“Ah, really?” cried Fleda, achieving a radiance of which she was secretly proud. “How very exciting!”

“Too exciting for poor Mummy. She won’t hear of it. She has been slating her fearfully. She says she’s a ‘barbarian.’”

“Why, she’s lovely!” Fleda exclaimed.

“Oh, she’s all right. Mother must come round.”

“Only give her time,” said Fleda. She had advanced to the threshold of the door thus thrown open to her and, without exactly crossing it, she threw in an appreciative glance. She asked Owen when his marriage would take place, and in the light of his reply read that Mrs. Gereth’s wretched attitude would have no influence at all on the event, absolutely fixed when he came down, and distant by only three months. He liked Fleda’s seeming to be on his side, though that was a secondary matter, for what really most concerned him now was the line his mother took about Poynton, her declared unwillingness to give it up.

“Naturally I want my own house, you know,” he said, “and my father made every arrangement for me to have it. But she may make it devilish awkward. What in the world’s a fellow to do?” This it was that Owen wanted to know, and there could be no better proof of his friendliness than his air of depending on Fleda Vetch to tell him. She questioned him, they spent an hour together, and, as he gave her the scale of the concussion from which he had rebounded, she found herself saddened and frightened by the material he seemed to offer her to deal with. It was devilish awkward, and it was so in part because Owen had no imagination. It had lodged itself in that empty chamber that his mother hated the surrender because she hated Mona. He didn’t of course understand why she hated Mona, but this belonged to an order of mysteries that never troubled him: there were lots of things, especially in people’s minds, that a fellow didn’t understand. Poor Owen went through life with a frank dread of people’s minds: there were explanations he would have been almost as shy of receiving as of giving. There was therefore nothing that accounted for anything, though in its way it was vivid enough, in his picture to Fleda of his mother’s virtual refusal to move. That was simply what it was; for didn’t she refuse to move when she as good as declared that she would move only with the furniture? It was the furniture she wouldn’t give up; and what was the good of Poynton without the furniture? Besides, the furniture happened to be his, just as everything else happened to be. The furniture — the word, on his lips, had somehow, for Fleda, the sound of washing-stands and copious bedding, and she could well imagine the note it might have struck for Mrs. Gereth. The girl, in this interview with him, spoke of the contents of the house only as “the works of art.” It didn’t, however, in the least matter to Owen what they were called; what did matter, she easily guessed, was that it had been laid upon him by Mona, been made in effect a condition of her consent, that he should hold his mother to the strictest accountability for them. Mona had already entered upon the enjoyment of her rights. She had made him feel that Mrs. Gereth had been liberally provided for, and had asked him cogently what room there would be at Ricks for the innumerable treasures of the big house. Ricks, the sweet little place offered to the mistress of Poynton as the refuge of her declining years, had been left to the late Mr. Gereth, a considerable time before his death, by an old maternal aunt, a good lady who had spent most of her life there. The house had in recent times been let, but it was amply furnished, it contained all the defunct aunt’s possessions. Owen had lately inspected it, and he communicated to Fleda that he had quietly taken Mona to see it. It wasn’t a place like Poynton — what dower-house ever was? — but it was an awfully jolly little place, and Mona had taken a tremendous fancy to it. If there were a few things at Poynton that were Mrs. Gereth’s peculiar property, of course she must take them away with her; but one of the matters that became clear to Fleda was that this transfer would be immediately subject to Miss Brigstock’s approval. The special business that she herself now became aware of being charged with was that of seeing Mrs. Gereth safely and singly off the premises.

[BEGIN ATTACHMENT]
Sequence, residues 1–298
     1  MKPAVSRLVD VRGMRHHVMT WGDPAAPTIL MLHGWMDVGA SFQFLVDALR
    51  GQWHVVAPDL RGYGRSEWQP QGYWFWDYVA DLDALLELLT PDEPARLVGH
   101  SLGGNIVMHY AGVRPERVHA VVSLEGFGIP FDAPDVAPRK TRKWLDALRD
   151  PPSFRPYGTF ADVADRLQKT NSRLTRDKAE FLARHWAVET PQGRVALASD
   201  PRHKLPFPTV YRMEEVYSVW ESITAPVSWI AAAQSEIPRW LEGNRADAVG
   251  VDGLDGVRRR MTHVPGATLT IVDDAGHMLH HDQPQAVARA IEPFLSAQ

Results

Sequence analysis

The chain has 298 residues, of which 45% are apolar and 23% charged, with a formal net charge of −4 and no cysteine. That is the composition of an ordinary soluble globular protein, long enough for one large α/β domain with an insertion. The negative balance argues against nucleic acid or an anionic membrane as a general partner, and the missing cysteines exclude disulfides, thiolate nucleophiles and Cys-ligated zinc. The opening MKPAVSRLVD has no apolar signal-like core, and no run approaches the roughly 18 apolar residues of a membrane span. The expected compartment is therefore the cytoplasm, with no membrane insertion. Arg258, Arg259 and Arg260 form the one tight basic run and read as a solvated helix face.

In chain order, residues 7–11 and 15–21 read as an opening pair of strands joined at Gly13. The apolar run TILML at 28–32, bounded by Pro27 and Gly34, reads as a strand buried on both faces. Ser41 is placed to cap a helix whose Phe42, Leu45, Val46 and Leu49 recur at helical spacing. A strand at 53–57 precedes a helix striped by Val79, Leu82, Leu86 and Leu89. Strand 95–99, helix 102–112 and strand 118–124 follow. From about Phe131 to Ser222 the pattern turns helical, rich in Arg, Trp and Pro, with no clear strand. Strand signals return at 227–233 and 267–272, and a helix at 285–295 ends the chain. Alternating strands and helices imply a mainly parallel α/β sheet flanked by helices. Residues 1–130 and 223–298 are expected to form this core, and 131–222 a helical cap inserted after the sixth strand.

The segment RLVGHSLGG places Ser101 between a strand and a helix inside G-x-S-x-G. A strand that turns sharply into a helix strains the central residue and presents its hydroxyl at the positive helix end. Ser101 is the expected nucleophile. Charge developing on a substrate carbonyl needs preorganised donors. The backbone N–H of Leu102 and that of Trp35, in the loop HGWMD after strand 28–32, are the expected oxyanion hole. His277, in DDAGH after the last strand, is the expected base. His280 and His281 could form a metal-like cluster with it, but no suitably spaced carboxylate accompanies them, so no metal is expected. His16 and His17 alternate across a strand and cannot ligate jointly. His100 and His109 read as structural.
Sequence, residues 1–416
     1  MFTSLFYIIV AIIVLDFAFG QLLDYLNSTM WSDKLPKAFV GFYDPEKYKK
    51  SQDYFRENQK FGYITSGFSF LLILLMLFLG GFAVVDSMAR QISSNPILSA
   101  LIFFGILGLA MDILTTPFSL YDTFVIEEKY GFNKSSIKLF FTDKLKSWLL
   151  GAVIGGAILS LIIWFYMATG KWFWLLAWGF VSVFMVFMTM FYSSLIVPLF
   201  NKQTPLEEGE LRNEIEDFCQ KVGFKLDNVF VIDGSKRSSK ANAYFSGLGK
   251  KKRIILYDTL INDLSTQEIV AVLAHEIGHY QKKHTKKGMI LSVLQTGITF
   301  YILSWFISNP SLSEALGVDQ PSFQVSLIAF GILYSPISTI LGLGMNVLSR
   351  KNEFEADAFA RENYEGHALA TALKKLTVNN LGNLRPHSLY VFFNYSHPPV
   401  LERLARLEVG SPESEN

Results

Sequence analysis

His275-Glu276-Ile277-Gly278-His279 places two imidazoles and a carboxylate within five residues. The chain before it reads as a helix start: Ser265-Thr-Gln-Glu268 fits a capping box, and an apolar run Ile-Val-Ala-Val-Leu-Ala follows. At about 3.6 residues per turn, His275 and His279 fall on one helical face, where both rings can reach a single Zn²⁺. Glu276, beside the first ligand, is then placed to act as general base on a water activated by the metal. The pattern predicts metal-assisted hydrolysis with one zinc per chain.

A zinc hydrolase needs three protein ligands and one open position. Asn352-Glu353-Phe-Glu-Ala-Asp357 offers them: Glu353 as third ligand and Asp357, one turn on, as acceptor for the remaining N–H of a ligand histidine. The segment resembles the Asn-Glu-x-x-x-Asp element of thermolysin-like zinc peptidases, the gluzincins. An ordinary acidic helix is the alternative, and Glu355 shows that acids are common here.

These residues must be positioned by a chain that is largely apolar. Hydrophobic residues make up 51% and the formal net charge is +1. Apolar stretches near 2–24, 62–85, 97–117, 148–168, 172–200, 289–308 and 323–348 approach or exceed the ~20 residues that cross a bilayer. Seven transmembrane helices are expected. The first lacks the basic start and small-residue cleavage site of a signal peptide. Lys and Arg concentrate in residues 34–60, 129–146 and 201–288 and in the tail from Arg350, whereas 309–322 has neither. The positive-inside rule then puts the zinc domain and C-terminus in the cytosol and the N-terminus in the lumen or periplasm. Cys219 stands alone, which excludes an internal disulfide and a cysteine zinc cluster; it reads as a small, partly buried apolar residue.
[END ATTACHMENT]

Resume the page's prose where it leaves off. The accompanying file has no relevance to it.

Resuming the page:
Her heart failed her, after Owen had returned to London, with the ugliness of this duty — with the ugliness, indeed, of the whole close conflict. She saw nothing of Mrs. Gereth that day; she spent it in roaming with sick sighs, in feeling, as she passed from room to room, that what was expected of her companion was really dreadful. It would have been better never to have had such a place than to have had it and lose it. It was odious to her to have to look for solutions: what a strange relation between mother and son when there was no fundamental tenderness out of which a solution would irrepressibly spring! Was it Owen who was mainly responsible for that poverty? Fleda couldn’t think so when she remembered that, so far as he was concerned, Mrs. Gereth would still have been welcome to have her seat by the Poynton fire. The fact that from the moment one accepted his marrying one saw no very different course for Owen to take made her all the rest of that aching day find her best relief in the mercy of not having yet to face her hostess. She dodged and dreamed and romanced away the time; instead of inventing a remedy or a compromise, instead of preparing a plan by which a scandal might be averted, she gave herself, in her sentient solitude, up to a mere fairy tale, up to the very taste of the beautiful peace with which she would have filled the air if only something might have been that could never have been.

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Last updated Saturday, March 1, 2014 at 20:38